A 2010 Kaiser Family Foundation report spotlighting the unit’s work on Medicaid enrollment described the importance of having a “bilingual and bicultural staff” that could “build trust with families …which is critical in areas with high proportions of immigrant populations.”
Juana, a homemaker in Little Village, said she felt more comfortable talking with staff at a school. Juana said she had applied for food stamps at a government office when her two U.S.-born children were young, but felt humiliated. Her husband earns minimum wage working in a factory. (Juana’s last name is not being used because she is undocumented.)
“You know how they treat you there. I was afraid to even go to those offices. And they make you wait hours for somebody to interpret for you,” she said, speaking in Spanish.
A few years ago, another parent told her she could get help at her son’s school, Saucedo Scholastic Academy. A bilingual liaison from the now-defunct unit who worked out of that school walked her through the SNAP application and later assisted several of her relatives with their own applications.
Juana says she uses the extra assistance — a little less than $200 per month — to buy meat, yogurt and fresh vegetables for her children, items she couldn’t afford in the past.
“The money is for them. Before, we would rarely buy meat or fish,” she said. “Thanks to this program, they’re eating better.”
Cuts came during chaotic moment
The decision to eliminate the unit was made in what, even by Chicago standards, was a chaotic moment. Forrest Claypool had just been named CEO of schools, and had pushed through an operating budget that depended on a wish: an extra $500 million from Springfield. Contract negotiations were heating up with the Chicago Teachers Union. A small group of Bronzeville activists were drawing national attention for their month-long hunger strike over the fate of Dyett High School.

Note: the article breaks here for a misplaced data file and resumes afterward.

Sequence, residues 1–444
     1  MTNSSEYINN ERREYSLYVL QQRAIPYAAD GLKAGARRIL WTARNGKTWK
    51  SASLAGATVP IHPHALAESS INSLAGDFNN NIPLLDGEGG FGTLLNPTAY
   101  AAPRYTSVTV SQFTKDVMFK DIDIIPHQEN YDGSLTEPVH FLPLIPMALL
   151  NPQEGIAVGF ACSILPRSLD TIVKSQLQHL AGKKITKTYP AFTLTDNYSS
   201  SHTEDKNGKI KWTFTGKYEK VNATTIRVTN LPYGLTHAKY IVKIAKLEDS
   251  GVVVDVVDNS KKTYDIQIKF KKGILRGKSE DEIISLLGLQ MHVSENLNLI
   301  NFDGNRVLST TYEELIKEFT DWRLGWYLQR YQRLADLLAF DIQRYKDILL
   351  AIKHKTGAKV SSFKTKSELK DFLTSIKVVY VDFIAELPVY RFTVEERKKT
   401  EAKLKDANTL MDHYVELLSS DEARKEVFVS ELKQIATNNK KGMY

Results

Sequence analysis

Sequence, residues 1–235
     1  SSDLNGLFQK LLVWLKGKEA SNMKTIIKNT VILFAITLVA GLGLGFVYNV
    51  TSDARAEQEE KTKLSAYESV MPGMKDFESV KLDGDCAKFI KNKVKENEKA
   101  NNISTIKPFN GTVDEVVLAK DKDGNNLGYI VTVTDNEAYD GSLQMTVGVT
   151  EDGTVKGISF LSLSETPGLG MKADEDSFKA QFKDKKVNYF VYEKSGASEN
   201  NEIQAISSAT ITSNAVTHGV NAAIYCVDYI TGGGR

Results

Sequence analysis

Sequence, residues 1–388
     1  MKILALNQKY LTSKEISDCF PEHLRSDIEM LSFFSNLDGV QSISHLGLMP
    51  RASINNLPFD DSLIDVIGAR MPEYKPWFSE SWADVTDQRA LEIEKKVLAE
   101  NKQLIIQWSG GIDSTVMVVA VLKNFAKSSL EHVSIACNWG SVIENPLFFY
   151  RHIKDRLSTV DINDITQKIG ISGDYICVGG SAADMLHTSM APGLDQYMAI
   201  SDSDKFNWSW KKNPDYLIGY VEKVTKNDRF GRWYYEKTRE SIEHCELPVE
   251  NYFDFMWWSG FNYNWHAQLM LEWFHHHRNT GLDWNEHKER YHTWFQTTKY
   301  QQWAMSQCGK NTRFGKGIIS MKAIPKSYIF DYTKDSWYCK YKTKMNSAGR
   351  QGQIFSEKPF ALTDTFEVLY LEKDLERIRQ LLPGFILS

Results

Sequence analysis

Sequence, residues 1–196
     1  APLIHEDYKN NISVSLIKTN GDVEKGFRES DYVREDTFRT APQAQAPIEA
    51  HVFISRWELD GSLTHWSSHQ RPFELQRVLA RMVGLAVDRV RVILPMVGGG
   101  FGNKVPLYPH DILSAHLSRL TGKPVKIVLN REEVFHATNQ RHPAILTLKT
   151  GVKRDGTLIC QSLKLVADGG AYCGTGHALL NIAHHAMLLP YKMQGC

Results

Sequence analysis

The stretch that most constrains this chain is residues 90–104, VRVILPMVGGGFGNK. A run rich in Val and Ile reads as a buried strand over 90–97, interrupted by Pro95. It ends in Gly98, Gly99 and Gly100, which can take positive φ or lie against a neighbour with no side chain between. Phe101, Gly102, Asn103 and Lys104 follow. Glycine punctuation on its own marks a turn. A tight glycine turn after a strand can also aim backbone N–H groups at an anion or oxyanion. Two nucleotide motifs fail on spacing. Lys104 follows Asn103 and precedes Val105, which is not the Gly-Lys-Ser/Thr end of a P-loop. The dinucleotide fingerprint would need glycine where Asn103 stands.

And jobs were getting cut left and right, says Taalib-Din Ziyad, vice president of SEIU Local 73, which represented the unit’s school-based liaisons. The unit’s manager remained at central office — despite not having any staff left.
“You have to remember, we lost close to 400 members through layoffs,” Ziyad said. “I fought as hard as I could with all of the legal tools I had in my disposal, but they used their budget as an excuse to eliminate this group.”
According to budget documents, the unit helped around 8,000 families apply for benefits, with most families having more than two children. Even more families that were already receiving benefits got help completing the complicated paperwork to stay on the rolls.
Cutting the unit may help explain a sudden decline in the district’s internal poverty count,which relies in part on current data on public aid recipients. CPS officials have been unable to explain why the count fell by at least 10,000 students this year — more than twice the drop in overall enrollment — and have ignored repeated requests for school-level data.
A competing Health Department initiative?
At the same time the unit was being scaled back, it was also assigned to help the city’s Health Department on a similar initiative to enroll CPS families in the state’s All Kids health insurance program, which is funded through Medicaid.